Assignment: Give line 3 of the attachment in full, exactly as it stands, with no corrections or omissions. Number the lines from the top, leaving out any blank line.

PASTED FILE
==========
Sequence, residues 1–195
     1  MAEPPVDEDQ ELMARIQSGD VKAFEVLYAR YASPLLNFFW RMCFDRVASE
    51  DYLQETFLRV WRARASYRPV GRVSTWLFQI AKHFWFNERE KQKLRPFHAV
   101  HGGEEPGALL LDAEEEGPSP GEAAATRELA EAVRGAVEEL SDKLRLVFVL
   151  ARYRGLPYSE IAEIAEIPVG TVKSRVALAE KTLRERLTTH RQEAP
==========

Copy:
    51  DYLQETFLRV WRARASYRPV GRVSTWLFQI AKHFWFNERE KQKLRPFHAV